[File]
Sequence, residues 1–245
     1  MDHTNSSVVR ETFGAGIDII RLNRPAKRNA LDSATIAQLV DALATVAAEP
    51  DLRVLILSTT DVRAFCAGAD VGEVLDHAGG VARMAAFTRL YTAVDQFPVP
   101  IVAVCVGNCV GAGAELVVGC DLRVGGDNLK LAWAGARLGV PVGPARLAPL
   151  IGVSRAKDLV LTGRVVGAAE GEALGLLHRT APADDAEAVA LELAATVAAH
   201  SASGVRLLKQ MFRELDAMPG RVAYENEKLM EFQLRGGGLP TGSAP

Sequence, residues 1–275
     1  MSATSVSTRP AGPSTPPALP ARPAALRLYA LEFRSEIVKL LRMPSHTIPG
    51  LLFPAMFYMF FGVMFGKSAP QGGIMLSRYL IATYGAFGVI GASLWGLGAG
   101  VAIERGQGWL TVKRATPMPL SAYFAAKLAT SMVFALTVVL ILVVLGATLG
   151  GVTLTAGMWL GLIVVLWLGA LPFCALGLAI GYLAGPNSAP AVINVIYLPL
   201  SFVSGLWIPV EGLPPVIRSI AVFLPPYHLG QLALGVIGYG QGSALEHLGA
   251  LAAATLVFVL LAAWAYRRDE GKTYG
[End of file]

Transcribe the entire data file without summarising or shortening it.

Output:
Sequence, residues 1–245
     1  MDHTNSSVVR ETFGAGIDII RLNRPAKRNA LDSATIAQLV DALATVAAEP
    51  DLRVLILSTT DVRAFCAGAD VGEVLDHAGG VARMAAFTRL YTAVDQFPVP
   101  IVAVCVGNCV GAGAELVVGC DLRVGGDNLK LAWAGARLGV PVGPARLAPL
   151  IGVSRAKDLV LTGRVVGAAE GEALGLLHRT APADDAEAVA LELAATVAAH
   201  SASGVRLLKQ MFRELDAMPG RVAYENEKLM EFQLRGGGLP TGSAP

Sequence, residues 1–275
     1  MSATSVSTRP AGPSTPPALP ARPAALRLYA LEFRSEIVKL LRMPSHTIPG
    51  LLFPAMFYMF FGVMFGKSAP QGGIMLSRYL IATYGAFGVI GASLWGLGAG
   101  VAIERGQGWL TVKRATPMPL SAYFAAKLAT SMVFALTVVL ILVVLGATLG
   151  GVTLTAGMWL GLIVVLWLGA LPFCALGLAI GYLAGPNSAP AVINVIYLPL
   201  SFVSGLWIPV EGLPPVIRSI AVFLPPYHLG QLALGVIGYG QGSALEHLGA
   251  LAAATLVFVL LAAWAYRRDE GKTYG